Past Success Is No Guarantee For The Future Of A Business

Craig MacMullin: President & CEO, CEED & SEED, Consultant, CPA, CGA, CBCA, CIPP/C. “There are no problems, only solutions.”

In today’s ever-evolving business landscape, resting on one’s laurels is not just a missed opportunity—it’s a direct route to obsolescence. For established businesses, the danger is even more pronounced. The comfort of past successes, the lure of tried-and-tested methods, and the weight of legacy processes can make change seem unnecessary or even counterproductive. However, it’s precisely for these businesses that regular evaluations of their business model and its underlying assumptions become paramount. Here’s why.

Firstly, the market is in constant flux. Consumer preferences shift, technological innovations emerge, regulatory environments evolve, and new competitors rise. The assumptions that a business model was initially built upon might no longer hold. For instance, think about the taxi industry before the advent of ride-sharing apps. The assumption was that taxis, with their medallion systems and established networks, were the default urban transportation mode. This changed almost overnight with companies like Uber and Lyft rewriting the rulebook.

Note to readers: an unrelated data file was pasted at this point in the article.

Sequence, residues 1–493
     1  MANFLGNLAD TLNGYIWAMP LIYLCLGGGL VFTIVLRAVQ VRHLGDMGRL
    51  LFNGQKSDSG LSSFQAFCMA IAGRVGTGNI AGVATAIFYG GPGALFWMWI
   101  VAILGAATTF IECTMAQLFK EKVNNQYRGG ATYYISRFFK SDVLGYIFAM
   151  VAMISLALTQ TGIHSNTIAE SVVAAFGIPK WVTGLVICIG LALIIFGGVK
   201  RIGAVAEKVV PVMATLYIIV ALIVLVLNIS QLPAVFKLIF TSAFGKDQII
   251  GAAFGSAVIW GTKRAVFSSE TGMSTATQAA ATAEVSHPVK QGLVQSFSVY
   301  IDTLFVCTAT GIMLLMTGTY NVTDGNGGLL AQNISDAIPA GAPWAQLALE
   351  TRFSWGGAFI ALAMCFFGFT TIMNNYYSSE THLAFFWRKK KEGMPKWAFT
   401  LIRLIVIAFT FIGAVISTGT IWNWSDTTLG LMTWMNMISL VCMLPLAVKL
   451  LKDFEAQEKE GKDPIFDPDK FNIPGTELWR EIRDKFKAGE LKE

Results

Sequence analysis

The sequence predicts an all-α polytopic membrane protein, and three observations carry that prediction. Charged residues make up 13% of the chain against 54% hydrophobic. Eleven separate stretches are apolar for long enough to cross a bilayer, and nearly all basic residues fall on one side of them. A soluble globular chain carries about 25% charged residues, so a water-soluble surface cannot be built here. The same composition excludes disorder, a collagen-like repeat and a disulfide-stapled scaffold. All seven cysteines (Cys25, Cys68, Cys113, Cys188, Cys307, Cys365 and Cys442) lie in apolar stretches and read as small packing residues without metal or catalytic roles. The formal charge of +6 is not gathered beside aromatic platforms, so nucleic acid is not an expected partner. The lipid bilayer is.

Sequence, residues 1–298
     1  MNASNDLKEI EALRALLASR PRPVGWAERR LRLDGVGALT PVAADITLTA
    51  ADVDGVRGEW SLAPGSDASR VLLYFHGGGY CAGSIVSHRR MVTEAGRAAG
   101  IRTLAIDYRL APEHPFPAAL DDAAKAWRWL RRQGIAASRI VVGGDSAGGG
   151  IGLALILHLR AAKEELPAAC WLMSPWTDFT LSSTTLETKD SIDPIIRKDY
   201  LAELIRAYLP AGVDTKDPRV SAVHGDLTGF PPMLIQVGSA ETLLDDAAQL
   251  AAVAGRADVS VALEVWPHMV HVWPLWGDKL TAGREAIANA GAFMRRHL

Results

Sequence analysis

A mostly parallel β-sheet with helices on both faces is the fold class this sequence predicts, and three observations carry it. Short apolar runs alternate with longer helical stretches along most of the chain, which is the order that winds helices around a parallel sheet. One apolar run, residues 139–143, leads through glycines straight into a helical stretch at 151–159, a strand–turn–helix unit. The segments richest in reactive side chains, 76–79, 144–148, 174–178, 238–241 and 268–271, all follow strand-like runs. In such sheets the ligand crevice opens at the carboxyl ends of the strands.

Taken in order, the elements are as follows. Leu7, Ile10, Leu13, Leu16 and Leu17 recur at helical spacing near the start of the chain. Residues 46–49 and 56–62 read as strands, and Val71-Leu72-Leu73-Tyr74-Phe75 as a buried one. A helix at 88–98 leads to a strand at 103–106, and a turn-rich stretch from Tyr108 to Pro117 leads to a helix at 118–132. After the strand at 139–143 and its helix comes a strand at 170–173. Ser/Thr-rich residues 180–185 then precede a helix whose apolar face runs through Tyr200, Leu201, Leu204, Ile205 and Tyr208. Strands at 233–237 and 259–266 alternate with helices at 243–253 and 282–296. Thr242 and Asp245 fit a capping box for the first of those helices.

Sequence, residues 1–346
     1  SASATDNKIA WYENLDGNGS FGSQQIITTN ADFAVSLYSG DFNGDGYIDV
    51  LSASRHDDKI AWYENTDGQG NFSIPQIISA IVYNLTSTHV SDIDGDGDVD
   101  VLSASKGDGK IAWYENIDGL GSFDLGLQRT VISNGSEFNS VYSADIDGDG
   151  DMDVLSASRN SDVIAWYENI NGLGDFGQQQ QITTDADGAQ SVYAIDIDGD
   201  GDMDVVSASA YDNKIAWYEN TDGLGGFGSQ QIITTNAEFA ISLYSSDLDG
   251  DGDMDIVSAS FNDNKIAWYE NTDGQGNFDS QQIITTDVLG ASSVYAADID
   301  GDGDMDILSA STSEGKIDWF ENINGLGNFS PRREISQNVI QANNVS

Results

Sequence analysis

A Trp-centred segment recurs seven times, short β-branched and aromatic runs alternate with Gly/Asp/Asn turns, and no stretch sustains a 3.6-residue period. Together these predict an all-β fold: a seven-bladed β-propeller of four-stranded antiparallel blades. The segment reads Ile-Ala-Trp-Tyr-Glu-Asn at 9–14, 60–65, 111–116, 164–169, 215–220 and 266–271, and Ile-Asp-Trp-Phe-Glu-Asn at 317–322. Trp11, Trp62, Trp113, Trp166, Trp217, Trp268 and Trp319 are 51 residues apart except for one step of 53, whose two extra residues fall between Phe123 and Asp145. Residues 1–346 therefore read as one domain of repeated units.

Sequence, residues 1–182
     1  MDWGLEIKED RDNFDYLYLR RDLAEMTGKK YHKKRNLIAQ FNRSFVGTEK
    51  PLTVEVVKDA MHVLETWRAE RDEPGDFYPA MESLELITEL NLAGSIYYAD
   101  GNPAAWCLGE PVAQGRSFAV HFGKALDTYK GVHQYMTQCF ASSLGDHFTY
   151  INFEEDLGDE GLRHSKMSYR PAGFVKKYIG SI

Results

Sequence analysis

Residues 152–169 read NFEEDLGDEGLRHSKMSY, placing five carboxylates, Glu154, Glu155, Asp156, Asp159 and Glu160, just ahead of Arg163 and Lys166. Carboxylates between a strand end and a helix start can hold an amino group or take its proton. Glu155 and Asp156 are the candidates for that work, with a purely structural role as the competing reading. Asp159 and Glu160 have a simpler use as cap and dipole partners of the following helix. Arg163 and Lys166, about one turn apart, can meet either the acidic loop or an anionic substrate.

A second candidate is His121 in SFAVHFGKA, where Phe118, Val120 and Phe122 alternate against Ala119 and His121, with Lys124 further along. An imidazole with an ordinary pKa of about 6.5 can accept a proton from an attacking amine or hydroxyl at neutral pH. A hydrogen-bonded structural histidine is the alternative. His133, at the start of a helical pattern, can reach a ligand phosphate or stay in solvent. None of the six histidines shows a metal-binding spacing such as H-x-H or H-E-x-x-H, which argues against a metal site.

Technological disruption is another powerful motivator. Today’s breakthroughs can render yesterday’s cutting-edge solutions obsolete. Blockbuster, once a behemoth in the movie rental space, failed to anticipate and adapt to the streaming revolution, leading to its downfall. Their business model, which was reliant on physical rentals and late fees, didn’t stand a chance against the convenience of digital streaming.

Moreover, underlying economic factors can also change. Costs of production, supply chain dynamics, and global economic conditions can shift, potentially undermining the profitability of existing business models. For instance, businesses built around low-cost manufacturing in certain regions might find their models unsustainable when wages or export tariffs rise.

Cultural and societal changes play a role too. As societal norms and values evolve, businesses must ensure that their models are in alignment. Brands that don’t evolve in line with progressive values, environmental considerations, or ethical consumerism can face backlash and dwindling market shares.

Lastly, internal factors, like company culture, leadership changes, or shifts in strategic focus, can also necessitate a re-evaluation of the business model. It’s not just about responding to external pressures; sometimes, the need for change comes from within.

In conclusion, established businesses might feel they’ve earned the right to breathe easy after years or even decades of success. But it’s a fallacy to believe that past success guarantees future relevance. By continually evaluating their business model and the assumptions that underlie it, businesses not only safeguard their legacy but also position themselves to seize new opportunities. In the dynamic world of business, adaptability isn’t just an asset—it’s a necessity.